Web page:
And what of John Thomas View, the name Carey gave to the Virginia State Police? Investigation showed that View’s home in Philadelphia had been burglarized on June 19th. Two dollars were missing. Also gone was View’s wallet and identification, stolen by a career criminal named Ollie Carey.

Ollie Melvern Carey was born on New Year’s Day, 1909 in Portsmouth, Virginia. A cook by trade, Carey was also known as “Buddy Brown,” “Chippy,” and “Harry Barnes.” Carey had been arrested for burglary in the past, and spent six years in prison, from 1941-1947. In the months before Off. Mathews’ death Carey had been working with a road construction crew in Rydal. His job afforded him ample opportunity to target homes for break-ins.

In February, 1950 Carey went on trial for the murder of Officer Thomas Mathews. The highly-respected Judge William Dannehower presided over Carey’s proceedings in Montgomery County Common Pleas Court. District Attorney J. Stroud Weber led the prosecution team. Attorneys Julian Barnard and James Peck served as defense counsel.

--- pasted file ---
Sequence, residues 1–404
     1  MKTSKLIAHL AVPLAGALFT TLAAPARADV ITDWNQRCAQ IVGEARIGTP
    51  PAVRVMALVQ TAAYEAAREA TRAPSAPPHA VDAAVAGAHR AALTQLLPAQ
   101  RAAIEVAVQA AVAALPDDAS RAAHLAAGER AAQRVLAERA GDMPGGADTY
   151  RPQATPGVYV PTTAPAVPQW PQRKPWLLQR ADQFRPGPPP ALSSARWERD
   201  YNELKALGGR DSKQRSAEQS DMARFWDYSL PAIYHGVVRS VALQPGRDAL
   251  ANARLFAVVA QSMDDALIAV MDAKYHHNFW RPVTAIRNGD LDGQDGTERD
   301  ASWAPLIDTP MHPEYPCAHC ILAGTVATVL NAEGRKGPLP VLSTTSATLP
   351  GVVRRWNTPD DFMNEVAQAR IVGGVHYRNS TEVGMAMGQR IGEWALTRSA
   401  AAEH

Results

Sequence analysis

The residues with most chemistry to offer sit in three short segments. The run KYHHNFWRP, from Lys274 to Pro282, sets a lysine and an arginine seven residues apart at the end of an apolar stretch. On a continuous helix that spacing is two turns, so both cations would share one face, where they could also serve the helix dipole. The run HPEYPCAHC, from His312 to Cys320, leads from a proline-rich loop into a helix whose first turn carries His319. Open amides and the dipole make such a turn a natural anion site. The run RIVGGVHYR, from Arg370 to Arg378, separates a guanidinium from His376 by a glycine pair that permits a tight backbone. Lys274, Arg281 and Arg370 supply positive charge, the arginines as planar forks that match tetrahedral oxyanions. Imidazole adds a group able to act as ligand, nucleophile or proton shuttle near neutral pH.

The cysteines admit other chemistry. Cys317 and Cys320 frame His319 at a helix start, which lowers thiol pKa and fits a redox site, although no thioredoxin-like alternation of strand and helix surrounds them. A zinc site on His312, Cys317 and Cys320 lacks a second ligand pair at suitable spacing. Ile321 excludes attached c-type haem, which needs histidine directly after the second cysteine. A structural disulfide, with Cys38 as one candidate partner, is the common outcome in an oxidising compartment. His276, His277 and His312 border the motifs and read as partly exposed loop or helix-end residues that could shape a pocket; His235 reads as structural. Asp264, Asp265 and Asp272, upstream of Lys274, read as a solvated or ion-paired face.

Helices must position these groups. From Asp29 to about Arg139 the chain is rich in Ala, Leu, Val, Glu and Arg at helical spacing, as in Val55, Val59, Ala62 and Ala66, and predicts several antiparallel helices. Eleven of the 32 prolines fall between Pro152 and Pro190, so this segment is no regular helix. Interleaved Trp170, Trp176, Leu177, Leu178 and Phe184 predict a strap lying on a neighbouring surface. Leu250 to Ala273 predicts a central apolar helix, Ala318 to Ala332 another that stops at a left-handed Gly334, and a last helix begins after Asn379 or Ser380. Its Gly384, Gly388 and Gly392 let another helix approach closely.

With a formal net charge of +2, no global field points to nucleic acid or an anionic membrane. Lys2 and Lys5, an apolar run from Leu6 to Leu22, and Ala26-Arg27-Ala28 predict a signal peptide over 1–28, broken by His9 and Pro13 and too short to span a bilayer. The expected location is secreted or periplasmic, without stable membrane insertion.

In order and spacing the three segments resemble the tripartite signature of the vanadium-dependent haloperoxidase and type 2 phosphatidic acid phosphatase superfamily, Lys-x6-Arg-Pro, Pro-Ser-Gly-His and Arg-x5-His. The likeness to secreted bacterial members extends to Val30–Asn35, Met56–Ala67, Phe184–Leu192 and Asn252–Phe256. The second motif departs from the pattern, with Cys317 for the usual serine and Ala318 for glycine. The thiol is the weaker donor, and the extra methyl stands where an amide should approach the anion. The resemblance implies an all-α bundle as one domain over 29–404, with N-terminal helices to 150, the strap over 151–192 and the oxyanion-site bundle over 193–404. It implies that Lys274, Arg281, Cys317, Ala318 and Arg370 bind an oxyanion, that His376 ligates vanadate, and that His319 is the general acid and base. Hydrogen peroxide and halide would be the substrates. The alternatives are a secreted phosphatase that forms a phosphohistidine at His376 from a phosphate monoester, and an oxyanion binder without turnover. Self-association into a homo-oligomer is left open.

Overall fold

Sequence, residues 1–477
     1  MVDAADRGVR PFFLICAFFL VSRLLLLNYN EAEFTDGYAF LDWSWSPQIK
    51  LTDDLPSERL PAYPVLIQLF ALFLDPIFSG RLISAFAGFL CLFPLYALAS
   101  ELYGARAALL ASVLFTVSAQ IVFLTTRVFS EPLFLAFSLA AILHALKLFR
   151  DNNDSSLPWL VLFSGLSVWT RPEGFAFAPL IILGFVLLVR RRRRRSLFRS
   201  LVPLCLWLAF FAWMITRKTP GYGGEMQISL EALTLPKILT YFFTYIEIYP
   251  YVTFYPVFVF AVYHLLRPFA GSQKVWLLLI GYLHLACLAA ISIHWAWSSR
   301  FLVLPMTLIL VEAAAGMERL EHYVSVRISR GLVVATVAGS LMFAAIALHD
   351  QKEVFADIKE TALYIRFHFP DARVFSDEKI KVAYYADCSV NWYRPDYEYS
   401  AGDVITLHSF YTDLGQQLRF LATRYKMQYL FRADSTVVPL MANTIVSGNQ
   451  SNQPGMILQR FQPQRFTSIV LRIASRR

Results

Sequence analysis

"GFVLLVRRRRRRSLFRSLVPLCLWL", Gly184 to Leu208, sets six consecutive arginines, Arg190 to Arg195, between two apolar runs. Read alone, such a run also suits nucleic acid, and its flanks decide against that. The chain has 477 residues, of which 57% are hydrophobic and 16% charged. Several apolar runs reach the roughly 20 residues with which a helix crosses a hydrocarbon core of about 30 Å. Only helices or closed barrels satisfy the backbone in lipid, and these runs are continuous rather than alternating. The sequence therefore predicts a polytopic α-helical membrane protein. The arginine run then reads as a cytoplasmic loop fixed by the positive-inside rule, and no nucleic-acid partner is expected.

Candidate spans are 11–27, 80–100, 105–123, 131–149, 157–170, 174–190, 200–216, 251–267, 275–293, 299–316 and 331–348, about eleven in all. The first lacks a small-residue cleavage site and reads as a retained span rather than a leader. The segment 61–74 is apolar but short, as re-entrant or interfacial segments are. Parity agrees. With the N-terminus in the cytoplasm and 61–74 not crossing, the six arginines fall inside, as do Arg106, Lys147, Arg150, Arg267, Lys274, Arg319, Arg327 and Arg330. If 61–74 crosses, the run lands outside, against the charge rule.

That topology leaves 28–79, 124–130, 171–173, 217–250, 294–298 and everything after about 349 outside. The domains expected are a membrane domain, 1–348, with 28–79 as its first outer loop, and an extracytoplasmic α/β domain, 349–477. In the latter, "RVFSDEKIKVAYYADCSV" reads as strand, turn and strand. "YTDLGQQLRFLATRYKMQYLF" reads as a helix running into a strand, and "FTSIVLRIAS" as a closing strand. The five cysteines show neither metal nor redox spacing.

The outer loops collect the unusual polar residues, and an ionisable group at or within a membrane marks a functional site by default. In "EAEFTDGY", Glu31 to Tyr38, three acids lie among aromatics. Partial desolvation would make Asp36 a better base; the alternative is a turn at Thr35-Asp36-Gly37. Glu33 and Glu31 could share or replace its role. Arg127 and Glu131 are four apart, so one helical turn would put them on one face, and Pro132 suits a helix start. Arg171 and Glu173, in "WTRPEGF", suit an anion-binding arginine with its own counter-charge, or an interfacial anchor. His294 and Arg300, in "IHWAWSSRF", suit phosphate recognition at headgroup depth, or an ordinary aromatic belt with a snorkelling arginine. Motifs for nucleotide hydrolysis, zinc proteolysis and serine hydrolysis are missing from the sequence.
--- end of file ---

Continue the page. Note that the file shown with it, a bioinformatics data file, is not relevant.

Following closing arguments, the trial jury deliberated for three and a half hours before returning a guilty verdict on February 9th, 1950. Jury foreman Albert Fry of Cheltenham rose and spoke the particulars of the guilty verdict to the court.

“First degree, with the penalty fixed at death.”

After several years worth of appeals were exhausted, Carey’s sentence was carried out on May 18th, 1953 at Western State Penitentiary in Rockview, Pennsylvania.

Although the death of Officer Mathews took place long ago, he is not forgotten.

The Abington Township Police Department marked the 50th anniversary of his passing with a ceremony on June 29, 1999. Dozens of current and retired officers attended, along with community members and dignitaries. Officer Mathews’ widow, Mary, was an honored guest.

Tom Mathews, age 32 at the time of his death, was a decorated veteran of the U.S. Army, where he served in the South Pacific as a paratrooper with the 11th Airborne Division. Before joining the Army he graduated from Northeast Catholic High School in Philadelphia.